Ratings agency Fitch lifted its outlook on Turkey's rating to "positive" from "stable" on Wednesday, citing the country's economic recovery and improving public finances.
Fitch rates Turkey one notch below investment grade and the revision signals strong growth and ambitious plans to cut the budget deficit and debt could finally put Ankara within sight of an investment grade rating, seen by markets as long overdue.
Fitch affirmed Turkey's 'BB+' rating. Rivals S&P and Moody's both still rate Turkey two notches below investment grade.
"Turkey's improving public finances are increasing confidence in its sovereign creditworthiness... debt dynamics are favorable, helped by strong GDP growth and a marked decline in interest rates," Fitch said in a statement.
"The government is lengthening the maturity of its debt, thereby reducing market risk; while financing is supported by a deep local market, as well as strong current capital inflows," it added.
Fitch expects Turkey to grow 8 percent this year, above a government forecast for growth of 6.8 percent.
Markets welcomed the news. The Turkish currency firmed to 1.4795 against the dollar on the interbank market from 1.4840 prior to the announcement, while the main share index rose 0.66 percent to 66,771 points, having fallen earlier in the day.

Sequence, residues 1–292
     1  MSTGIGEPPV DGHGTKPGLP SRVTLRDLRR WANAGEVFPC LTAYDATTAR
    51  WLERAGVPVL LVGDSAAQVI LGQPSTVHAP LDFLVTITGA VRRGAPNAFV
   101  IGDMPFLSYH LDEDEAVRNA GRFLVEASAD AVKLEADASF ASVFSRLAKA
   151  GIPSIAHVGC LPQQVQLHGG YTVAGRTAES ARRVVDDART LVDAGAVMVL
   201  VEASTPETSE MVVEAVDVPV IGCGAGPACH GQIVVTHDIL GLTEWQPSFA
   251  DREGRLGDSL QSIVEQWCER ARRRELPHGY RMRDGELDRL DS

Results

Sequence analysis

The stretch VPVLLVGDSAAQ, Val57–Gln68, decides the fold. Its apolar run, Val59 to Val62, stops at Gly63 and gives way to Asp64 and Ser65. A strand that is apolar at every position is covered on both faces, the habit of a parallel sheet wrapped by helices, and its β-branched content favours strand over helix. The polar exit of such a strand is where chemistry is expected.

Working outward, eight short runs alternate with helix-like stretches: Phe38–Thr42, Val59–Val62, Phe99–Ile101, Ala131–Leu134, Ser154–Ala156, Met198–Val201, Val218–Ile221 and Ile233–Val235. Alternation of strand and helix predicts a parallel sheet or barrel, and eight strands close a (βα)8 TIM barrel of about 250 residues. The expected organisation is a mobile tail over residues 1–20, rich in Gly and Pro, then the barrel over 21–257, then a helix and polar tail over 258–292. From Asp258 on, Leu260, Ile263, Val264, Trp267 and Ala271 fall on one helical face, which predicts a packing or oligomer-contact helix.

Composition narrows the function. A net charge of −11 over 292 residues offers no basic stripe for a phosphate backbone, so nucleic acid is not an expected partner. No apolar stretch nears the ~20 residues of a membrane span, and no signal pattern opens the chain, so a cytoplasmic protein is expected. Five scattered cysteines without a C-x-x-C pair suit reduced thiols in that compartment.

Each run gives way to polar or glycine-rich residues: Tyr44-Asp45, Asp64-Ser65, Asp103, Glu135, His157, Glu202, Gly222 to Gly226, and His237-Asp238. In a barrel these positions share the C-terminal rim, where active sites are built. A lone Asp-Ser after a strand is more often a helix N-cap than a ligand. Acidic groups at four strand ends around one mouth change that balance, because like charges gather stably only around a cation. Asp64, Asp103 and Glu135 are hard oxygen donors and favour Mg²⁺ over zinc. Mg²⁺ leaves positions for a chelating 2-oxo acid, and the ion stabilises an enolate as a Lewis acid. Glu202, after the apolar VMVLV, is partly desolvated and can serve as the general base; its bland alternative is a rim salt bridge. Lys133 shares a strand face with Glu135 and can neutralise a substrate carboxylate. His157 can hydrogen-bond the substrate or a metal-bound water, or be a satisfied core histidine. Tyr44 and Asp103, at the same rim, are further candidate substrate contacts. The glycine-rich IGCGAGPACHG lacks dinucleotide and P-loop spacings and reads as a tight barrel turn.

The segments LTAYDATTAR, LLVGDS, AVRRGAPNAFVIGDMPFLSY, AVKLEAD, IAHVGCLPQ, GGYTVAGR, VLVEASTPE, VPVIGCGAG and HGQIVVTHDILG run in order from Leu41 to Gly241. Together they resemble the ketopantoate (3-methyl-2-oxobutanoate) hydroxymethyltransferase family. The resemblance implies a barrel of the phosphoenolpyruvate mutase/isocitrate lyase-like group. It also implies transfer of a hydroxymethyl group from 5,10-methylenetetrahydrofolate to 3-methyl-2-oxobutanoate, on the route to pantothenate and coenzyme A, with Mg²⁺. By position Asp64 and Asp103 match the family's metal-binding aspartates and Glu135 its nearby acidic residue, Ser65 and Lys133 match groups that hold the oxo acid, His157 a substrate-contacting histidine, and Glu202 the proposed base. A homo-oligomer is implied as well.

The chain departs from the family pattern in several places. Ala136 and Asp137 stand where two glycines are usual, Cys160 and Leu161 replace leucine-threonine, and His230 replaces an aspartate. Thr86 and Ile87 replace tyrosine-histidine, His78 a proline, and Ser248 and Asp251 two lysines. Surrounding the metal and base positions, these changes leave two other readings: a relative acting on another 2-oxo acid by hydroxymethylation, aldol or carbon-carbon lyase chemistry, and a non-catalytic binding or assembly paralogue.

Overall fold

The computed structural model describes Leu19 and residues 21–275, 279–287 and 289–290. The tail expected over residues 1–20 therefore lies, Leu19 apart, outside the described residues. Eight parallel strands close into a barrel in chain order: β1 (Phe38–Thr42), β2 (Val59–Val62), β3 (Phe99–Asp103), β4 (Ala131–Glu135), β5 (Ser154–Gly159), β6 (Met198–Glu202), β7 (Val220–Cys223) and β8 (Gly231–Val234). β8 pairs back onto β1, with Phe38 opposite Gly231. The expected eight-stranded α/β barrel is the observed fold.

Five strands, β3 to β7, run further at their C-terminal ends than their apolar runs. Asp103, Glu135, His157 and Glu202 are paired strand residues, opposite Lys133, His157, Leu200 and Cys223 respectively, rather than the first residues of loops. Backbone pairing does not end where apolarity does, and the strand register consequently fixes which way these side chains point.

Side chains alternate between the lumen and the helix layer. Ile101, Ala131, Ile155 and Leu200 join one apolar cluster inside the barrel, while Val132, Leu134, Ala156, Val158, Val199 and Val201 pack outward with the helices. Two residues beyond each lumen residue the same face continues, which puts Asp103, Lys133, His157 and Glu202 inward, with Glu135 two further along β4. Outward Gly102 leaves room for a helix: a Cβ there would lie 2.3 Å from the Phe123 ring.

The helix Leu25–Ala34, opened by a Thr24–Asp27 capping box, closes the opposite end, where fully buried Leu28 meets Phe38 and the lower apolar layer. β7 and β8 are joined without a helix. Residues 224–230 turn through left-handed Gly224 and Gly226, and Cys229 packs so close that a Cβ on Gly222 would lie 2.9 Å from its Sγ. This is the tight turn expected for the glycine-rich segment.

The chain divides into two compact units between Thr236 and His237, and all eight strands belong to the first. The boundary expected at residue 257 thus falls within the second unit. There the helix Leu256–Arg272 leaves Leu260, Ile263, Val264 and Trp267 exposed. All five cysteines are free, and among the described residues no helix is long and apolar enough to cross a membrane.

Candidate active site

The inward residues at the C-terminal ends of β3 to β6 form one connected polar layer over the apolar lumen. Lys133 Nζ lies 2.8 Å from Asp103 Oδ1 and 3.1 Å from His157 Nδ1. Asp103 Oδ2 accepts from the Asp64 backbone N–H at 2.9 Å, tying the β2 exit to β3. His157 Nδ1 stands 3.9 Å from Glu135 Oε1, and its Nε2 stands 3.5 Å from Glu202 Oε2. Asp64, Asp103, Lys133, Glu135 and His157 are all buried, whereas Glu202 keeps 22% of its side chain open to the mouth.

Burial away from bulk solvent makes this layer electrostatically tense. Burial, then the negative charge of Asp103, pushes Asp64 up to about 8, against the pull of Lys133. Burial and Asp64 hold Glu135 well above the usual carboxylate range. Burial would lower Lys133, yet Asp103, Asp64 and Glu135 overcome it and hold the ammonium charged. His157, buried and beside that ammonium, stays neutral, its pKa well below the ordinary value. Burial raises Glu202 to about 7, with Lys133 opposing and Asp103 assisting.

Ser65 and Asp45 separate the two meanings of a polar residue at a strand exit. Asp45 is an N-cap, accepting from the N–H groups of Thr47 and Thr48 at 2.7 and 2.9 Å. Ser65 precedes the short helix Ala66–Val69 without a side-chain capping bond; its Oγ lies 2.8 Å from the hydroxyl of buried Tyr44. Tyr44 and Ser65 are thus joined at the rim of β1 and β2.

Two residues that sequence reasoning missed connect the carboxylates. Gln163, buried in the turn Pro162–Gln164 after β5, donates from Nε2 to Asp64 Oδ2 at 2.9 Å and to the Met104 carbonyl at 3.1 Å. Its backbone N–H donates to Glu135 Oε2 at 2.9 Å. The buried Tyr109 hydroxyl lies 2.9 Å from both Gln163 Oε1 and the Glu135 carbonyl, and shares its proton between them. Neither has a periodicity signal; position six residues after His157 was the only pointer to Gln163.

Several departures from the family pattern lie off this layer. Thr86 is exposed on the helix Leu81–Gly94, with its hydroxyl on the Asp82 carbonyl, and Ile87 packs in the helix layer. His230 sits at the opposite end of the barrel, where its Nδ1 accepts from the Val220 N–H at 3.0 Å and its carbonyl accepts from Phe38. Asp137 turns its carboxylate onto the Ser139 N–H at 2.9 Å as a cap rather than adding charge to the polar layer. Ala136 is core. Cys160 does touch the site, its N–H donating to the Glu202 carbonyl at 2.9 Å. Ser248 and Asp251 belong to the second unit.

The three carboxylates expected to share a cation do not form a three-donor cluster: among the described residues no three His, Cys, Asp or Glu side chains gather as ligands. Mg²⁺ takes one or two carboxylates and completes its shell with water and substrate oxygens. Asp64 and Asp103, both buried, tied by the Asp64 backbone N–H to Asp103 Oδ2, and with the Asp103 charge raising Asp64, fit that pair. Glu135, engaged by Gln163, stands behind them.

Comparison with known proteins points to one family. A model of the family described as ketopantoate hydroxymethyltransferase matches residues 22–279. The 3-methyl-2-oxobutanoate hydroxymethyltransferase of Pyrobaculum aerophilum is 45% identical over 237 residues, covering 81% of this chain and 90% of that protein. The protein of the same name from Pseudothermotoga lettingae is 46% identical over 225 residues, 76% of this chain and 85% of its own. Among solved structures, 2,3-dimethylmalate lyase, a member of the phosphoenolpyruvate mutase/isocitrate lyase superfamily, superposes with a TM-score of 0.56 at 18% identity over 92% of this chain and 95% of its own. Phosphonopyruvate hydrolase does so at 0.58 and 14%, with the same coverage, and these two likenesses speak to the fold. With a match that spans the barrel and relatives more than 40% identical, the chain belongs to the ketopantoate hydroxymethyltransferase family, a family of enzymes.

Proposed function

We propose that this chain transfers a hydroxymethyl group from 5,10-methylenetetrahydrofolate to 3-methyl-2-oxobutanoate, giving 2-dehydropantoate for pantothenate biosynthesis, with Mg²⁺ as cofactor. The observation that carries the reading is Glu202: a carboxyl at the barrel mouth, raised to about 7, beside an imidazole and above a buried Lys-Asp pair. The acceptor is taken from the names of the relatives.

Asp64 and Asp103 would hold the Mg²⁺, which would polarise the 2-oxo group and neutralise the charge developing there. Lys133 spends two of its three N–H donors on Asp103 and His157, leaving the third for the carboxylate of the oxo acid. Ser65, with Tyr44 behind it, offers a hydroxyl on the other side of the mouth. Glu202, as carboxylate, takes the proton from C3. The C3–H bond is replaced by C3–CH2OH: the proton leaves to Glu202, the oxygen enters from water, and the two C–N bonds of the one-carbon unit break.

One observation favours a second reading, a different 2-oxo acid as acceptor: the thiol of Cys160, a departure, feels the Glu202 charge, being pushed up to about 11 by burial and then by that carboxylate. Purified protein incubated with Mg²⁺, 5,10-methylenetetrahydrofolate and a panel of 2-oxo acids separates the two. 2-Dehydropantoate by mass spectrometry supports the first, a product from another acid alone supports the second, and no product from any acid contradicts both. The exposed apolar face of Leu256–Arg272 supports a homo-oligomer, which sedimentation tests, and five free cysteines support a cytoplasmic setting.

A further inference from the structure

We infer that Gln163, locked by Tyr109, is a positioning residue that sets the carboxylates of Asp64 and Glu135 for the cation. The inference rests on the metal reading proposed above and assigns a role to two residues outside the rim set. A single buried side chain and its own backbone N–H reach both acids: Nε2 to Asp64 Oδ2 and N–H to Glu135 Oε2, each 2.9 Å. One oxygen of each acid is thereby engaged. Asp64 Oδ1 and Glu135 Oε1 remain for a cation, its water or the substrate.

Turkey's benchmark August 8, 2012 bond yield fell to a historic low of 7.54 percent.
Fitch warned, however, that Turkey has a record of high and volatile inflation and that its external finances are deteriorating, making it vulnerable to abrupt shifts in global liquidity.
Turkey's current account deficit jumped 300 percent year-on-year to $4.08 billion in September, largely due to high oil prices.
"The quality of financing has deteriorated with an increasing proportion coming from short-term and portfolio debt inflows. These trends are worsening the external liquidity position and expose the country to an abrupt shift in global liquidity," Fitch said.
Turkey's government hopes to win a third term in power in elections next June. Should it win and succeed in reducing the public debt-to-GDP ratio, Fitch said that could lead to an upgrade, as could coming through the elections with no increase in political instability.
S&P rates Turkey BB and Moody's rates it Ba2. Both carry a "positive" outlook.